KUALA LUMPUR: Malaysia’s ringgit is falling at the fastest pace among Asian emerging markets, the 10-year bond yield just spiked to an eight-year high and the stock market is closing in on a record third straight annual loss.
But fund managers say it’s a good time to buy.
Mitsubishi UFJ Kokusai Asset Management Co said it’s looking to add to holdings of Malaysian sovereign debt after expectations for faster US interest-rate increases spurred a selloff. Areca Capital Sdn Bhd and Affin Hwang Asset Management Bhd see an opportunity to buy the nation’s shares.
“We have positioned ourselves for a market rebound,” said Danny Wong Teck Meng, chief executive officer at Areca Capital, whose stock fund has beaten 98% of its peers with an 11%annual return over the past five years.
“Malaysia is losing its core attractiveness, and the country doesn’t stand out like it used to compared to peers, but technically it’s oversold right now.”
A crackdown on currency speculators last month exacerbated outflows and saw the ringgit weaken even as oil rebounded, an unusual phenomenon for east Asia’s only net exporter of the commodity.
The ringgit has decoupled from oil and if it starts moving in tandem with crude again it should be poised for a sharp recovery, Areca’s Wong said last week before the Saudi announcement.
With more than a third of its local sovereign bonds held by foreigners, Malaysia is vulnerable to external shocks like Donald Trump’s election win. The ringgit has dropped 5.3% since Nov 8, almost twice as much as South Korea’s won, the next worst performer in emerging-market Asia.
The yield on Malaysia’s benchmark 10-year benchmark sovereign notes shot up 75 basis points last month, reaching an eight-year high of 4.46% on Nov 29 before falling to 4.1% by the end of last week.
“The ringgit will probably become more stable over a few months, and then we may consider increasing exposure to Malaysia,” said Tatsuya Higuchi, the Tokyo-based chief fund manager for foreign fixed income at Mitsubishi UFJ Kokusai Asset, which managed US$105bil at the end of September. Excluding the currency vulnerability, Malaysia is more attractive than most of its peers apart from higher-yielding Indonesia and India, he said.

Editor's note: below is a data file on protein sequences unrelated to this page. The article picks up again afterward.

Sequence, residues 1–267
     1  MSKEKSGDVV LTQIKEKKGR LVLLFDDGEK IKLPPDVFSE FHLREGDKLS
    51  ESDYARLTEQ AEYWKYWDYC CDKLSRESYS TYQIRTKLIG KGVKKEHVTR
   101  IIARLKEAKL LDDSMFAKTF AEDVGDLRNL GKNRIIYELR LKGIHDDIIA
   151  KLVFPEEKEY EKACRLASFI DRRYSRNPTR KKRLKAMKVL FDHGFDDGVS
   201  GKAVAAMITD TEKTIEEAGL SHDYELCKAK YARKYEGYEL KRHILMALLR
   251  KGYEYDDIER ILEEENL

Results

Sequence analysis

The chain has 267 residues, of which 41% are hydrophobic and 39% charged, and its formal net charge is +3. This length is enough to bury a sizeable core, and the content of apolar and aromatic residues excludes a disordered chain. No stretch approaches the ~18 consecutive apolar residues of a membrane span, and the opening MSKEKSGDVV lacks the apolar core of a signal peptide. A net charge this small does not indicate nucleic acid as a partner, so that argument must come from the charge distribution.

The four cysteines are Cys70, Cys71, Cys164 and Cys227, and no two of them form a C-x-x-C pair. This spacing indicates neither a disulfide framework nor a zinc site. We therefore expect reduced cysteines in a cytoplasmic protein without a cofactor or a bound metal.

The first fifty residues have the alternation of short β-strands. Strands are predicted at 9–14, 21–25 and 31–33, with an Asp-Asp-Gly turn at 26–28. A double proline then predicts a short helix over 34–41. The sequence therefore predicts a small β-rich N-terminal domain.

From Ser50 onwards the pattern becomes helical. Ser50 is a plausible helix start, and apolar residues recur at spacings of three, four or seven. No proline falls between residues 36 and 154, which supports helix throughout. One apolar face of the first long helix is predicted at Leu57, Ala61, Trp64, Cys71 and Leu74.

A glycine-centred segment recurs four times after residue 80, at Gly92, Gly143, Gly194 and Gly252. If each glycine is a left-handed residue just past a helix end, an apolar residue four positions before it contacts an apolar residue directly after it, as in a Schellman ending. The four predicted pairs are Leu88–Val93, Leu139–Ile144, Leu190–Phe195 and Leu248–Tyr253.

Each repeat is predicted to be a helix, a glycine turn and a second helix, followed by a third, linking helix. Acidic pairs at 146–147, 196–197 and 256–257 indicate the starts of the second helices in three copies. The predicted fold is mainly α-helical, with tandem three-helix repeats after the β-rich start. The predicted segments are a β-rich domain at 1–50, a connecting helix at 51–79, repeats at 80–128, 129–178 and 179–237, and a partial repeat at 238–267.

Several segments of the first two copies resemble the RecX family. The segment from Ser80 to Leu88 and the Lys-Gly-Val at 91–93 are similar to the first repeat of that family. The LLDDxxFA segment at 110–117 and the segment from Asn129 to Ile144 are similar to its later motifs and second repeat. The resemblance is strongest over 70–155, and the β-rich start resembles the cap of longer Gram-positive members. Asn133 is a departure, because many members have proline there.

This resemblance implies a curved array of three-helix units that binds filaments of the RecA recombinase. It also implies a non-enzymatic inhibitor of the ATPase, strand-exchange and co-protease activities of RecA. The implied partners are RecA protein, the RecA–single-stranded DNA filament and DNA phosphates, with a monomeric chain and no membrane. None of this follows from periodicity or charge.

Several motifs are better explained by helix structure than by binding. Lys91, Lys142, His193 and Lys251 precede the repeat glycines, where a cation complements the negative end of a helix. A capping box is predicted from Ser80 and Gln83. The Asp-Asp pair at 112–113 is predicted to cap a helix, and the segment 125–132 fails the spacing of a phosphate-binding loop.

The ringgit has lost 35% since the end of 2013 and the FTSE Bursa Malaysia KLCI Index of shares fell 12%, trailing gains of at least 17 percent in Thai, Indonesian and Philippine gauges. Foreign funds net sold Malaysian stocks in each of the six weeks through Dec 2, taking outflows this year to RM2.5bil.
“We are buying into this market sale,” said Gan Eng Peng, the Kuala Lumpur-based equities head at Affin Hwang Asset, whose Select Opportunity Fund beat 98% of peers with a 9.7% return in the past year.
“The ringgit’s massive depreciation over the last three years is overdone, he said.
Malaysian assets have rallied in December as the central bank said it would provide greater hedging flexibility in the onshore currency market after last month’s crackdown deterred investment.
The Saudi move, which drove a jump of as much as 6.6% in Brent crude on Monday, is an extra tailwind.
“The combination of relatively sharper depreciation in the ringgit and a higher proportion of foreign holdings in local government bonds contributed towards a more acute risk aversion response in Malaysia,” said Victor Yong, an interest-rate strategist at United Overseas Bank Ltd in Singapore.
“Further dampening of currency depreciation pressures will be beneficial.”